San Clemente Pier.
San Clemente Pier.

After several attempts, I’m off to Santa Fe, NM, to visit my friend, the author Janet Lowe. Wanting to get some rest, avoid airports and try something different, I opted for the overnight trip on Amtrak’s Southwest Chief.

Leaving San Diego on the Pacific Surfliner, its a bit more than two traffic-free hours to the classic Los Angeles Union Station. After less than an hour’s layover, I’m in my roomette for the overnight to Lamy, NM on the Southwest Chief.

Funny thing about Amtrak, or rather what most folks think about it. We hear of the delays, derailments and downsides, its budget problems and complaints about public subsidies. Of course, freeways and airports — and now US auto makers — are far bigger pigs at the public trough than the trains. When I was talking about taking this trip, friends and acquaintances generally would snort about Amtrak being a waste of money, or say “what a neat idea” and then sort about it being a waste of money.

Plain fact is that transportation systems have always been supported by some sort of tax money, whether it was the land grants from the feds that got the railroads built, the airports constructed with either military or federal dollars, or the state and federal bucks that built — and are now trying to patch potholes from coast to coast on — the interstate highway system. Get over it.

Santa Fe depot in San Diego.
Santa Fe depot in San Diego.

For their landgrants, the railroads built everything, including stations. The trip starts off at our beautiful Santa Fe Depot, near the bay in downtown San Diego.

My mid-day train on the Pacific Surfliner is about half-full, with folks embarking and debarking along the route. A few years ago, Amtrak renamed and upgraded the equipment, and along the years since the ’71 takeover from Santa Fe has changed the name from the San Diegan to Pacific Surfliner. It now goes as far as San Luis Obispo once a day but the other trips end at Santa Barbara. A cafe car has snacks but it’s best to bring your own ($2.50 for a bottle of water).

The tracks still hug the coast to past San Clemente and the afternoon sunset can be spectacular. Through the heavily tinted windows, the San Clemente pier (the train stops there) is a beautiful, California vista.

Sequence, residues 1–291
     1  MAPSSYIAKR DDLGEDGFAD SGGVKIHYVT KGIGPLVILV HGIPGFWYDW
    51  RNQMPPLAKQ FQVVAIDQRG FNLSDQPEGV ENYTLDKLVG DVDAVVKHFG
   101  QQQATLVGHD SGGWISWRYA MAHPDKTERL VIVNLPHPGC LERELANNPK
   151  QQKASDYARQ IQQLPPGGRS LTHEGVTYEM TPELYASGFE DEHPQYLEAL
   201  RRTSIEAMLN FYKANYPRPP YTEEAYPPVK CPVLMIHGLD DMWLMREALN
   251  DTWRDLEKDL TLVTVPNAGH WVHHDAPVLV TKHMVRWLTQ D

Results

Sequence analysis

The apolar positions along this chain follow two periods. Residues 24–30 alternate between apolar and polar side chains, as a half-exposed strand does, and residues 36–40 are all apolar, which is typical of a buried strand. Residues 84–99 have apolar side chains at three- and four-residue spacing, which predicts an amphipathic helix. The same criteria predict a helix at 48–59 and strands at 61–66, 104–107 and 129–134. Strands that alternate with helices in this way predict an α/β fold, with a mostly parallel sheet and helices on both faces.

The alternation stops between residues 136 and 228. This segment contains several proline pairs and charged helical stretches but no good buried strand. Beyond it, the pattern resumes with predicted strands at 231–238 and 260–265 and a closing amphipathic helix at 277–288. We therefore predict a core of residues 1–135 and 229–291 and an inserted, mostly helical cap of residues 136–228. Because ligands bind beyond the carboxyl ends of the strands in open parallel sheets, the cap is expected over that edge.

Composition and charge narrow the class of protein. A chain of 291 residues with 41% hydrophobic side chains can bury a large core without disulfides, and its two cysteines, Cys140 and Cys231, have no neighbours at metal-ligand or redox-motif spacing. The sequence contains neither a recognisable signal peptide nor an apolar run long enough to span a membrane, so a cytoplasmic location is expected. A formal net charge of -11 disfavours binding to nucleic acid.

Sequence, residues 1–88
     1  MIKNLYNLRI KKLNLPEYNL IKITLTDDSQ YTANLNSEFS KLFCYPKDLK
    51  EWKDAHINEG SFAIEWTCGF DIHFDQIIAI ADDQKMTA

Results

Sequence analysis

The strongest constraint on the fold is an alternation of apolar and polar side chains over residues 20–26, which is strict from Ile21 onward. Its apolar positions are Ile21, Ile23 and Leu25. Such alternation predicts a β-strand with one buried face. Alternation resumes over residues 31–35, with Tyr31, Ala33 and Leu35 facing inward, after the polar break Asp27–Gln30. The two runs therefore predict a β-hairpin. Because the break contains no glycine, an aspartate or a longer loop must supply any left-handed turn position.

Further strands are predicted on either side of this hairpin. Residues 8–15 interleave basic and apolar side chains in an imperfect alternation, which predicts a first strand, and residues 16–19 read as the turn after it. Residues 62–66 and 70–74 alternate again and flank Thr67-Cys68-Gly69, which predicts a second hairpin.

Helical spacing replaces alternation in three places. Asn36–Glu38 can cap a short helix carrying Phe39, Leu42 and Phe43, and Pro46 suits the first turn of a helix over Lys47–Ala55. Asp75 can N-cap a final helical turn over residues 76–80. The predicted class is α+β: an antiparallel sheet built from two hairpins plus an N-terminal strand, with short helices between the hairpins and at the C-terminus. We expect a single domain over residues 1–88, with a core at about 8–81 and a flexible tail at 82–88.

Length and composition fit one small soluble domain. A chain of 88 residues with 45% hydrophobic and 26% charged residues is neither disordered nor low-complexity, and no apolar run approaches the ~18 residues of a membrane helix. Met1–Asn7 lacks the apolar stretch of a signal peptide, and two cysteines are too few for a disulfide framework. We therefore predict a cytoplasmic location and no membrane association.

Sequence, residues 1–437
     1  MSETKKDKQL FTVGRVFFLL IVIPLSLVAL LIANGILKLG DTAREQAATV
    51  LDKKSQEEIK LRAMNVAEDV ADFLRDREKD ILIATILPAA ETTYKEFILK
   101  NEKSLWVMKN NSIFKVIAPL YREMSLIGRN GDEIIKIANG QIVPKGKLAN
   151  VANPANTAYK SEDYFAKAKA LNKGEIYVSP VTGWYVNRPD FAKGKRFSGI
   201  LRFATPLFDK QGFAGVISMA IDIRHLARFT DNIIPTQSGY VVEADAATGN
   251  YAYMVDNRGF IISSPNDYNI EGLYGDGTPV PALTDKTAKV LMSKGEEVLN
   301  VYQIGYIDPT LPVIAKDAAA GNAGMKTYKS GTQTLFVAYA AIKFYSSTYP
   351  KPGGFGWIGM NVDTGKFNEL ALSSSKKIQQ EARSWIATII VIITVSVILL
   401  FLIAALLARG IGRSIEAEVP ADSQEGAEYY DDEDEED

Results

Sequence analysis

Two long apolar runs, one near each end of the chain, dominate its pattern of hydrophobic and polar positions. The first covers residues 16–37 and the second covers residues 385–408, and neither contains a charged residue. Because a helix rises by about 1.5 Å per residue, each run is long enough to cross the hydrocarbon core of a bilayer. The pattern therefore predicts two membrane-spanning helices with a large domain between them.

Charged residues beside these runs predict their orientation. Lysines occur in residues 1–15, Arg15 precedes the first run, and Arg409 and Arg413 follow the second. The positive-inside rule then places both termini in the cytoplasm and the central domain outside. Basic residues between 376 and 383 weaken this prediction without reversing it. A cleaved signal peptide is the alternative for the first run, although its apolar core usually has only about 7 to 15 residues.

Inside, the cars are similar to other commuter lines that Amtrak offers around the country. This route is the busiest outside of the Northeast corridor… a big traffic drop, but still the easiest way to get from downtown-to-downtown, Los Angeles to San Diego.

It seems that the trip through the LA passenger yards takes the longest of the trip, but it was good to see some investment on the part of Amtrak. Newish looking shops, wash facilities and activity in the old roundhouse. It’s a hub for the rail system, with three long-distance trains a day either starting or ending here. We pass the Mission Tower and go up the incline to what’s been called the “Last of the Great Stations,” the last huge passenger train station built before WWII and the decline of passenger traffic that came after.

The hour’s layover gave me just enough time to wander the halls of the station, which was fairly busy for a Saturday evening. Now as hub for LA’s subway, local and regional transit systems, there was a decent crowd at the Traxx restaurant and about three-fourths of the waiting room seats were filled. A couple, just married probably minutes earlier, were having their wedding photos taken by one of the fountains in the plaza. I thought they were models. I don’t know much about wedding gowns, but this one looked spectacular, as did the bride. Can’t tell you much about the groom. As I was wandering around the front of the building a few minutes later, their limo went by with the new Mr. and Mrs. screaming out of the back window. Happy life to them.

The call went out at 6:25 for the Southwest Chief, Track 11, and off I went for the overnight to Santa Fe. More to come.